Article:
Last week in the University Community Centre, members of the Israel Action Committee were handing out materials that incite hatred towards Islam and Muslims. One of these cards allegedly claims “Of 28 armed conflicts today, 25 involve Muslim forces against a non-Muslim enemy.” Perhaps who wrote this neglected the fact that most of these conflicts involve people who are under occupation and struggling for freedom (i.e. Iraq, Kashmir and Chechnya).

Distributing such false statements that promote hatred against Muslims is considered a crime in Canada. The Criminal Code of Canada prohibits communicating statements in a public place that incite hatred towards an identifiable group and likely causes a breach of the peace.

The IAC’s media chair Matthew Fisher, however, claims that the flyer was on the table by accident. I would like to advise the IAC to have a huge umbrella above their table the next time to prevent flyers from landing “accidentally” on their table.

Rafiq Qutub
Chemical Engineering II

To the Editor:
Last week, while passing through the tunnel to the Social Science Centre, I saw a poster advertising the Western Pre-Law Society’s Annual Mock Trial Competition. It read, and I quote: “Did her boyfriend rape her? Prove it and win $1,000!”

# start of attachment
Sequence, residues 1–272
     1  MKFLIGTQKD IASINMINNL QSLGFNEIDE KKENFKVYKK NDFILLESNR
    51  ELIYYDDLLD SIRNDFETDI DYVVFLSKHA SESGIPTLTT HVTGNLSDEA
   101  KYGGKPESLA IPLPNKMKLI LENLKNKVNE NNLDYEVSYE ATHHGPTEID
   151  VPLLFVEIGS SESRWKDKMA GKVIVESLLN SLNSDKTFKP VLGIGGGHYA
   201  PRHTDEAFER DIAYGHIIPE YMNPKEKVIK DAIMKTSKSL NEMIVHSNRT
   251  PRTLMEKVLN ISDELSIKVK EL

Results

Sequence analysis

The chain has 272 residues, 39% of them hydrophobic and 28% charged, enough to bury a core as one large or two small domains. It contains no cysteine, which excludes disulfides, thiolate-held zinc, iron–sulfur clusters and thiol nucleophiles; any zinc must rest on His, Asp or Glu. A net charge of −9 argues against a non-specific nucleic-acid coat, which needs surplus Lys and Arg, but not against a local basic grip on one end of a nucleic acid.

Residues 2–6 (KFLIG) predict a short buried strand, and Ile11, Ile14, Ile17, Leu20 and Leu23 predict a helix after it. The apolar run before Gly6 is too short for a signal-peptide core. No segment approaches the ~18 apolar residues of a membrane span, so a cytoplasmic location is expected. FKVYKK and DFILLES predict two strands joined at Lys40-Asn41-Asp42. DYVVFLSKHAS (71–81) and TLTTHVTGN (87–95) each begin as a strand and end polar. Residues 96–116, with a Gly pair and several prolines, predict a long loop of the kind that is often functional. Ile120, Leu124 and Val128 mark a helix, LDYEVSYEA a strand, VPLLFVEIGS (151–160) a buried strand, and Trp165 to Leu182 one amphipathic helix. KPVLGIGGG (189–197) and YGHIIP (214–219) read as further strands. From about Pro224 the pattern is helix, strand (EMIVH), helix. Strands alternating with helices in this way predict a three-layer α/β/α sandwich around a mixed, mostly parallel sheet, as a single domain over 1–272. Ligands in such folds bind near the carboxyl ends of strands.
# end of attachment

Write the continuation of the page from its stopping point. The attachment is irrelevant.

On a campus where more than half of the approximately 30,000 students are female, and in an age where one in four women have been sexually assaulted and 57 per cent of rapes occur on dates (Ontario Women’s Directorate), I found the poster to be extremely tasteless. I promptly took it to the University Students’ Council’s office and was later informed that the poster “does not incite hate or discrimination against any group or individual protected under the USC’s Community Standards policy or the Canadian Human Rights Code.”

Western Pre-Law, you should be ashamed of yourselves. Treating the prosecution of date rape as the topic of a game show is not only despicable, but also ignorant: you do not seem to realize the effects your poster may have had. Next time Western Pre-Law, please consider your audience before distributing another poster with such a horrific tag line.

Shannon Lane
Psychology III


To the Editor:
Last Thursday, The Wave had a special DJ come in that played mostly trance and hip-hop. The event was called Ignition and was attended by maybe 30 to 40 people at the most. This wasn’t surprising, as most people don’t like this kind of music, but why is that? With today’s North American culture dominated by the Top 40 charts, it’s hard to get exposed to new kinds of music, especially from foreign sources.

The popular music and radio stations never have any trance content; even the clubs in town have a pitiful dance set. I’m not asking for them to change their whole line up to inspire a trance revolution, but playing a few of the popular Euro trance hits will help expose people to something new. At least if these media sources make an effort to put out a few songs, then people will be able to come to an informed choice, instead of simply rejecting it outright because it isn’t that fucking 50 Cent or Sean Paul bull shit that’s been played to death.

If you want to broaden your palette, look up these few DJs: Tiesto, Paul Oakenfold and Paul Van Dyk. Don’t dismiss it just because it’s different.

Guillaume Woof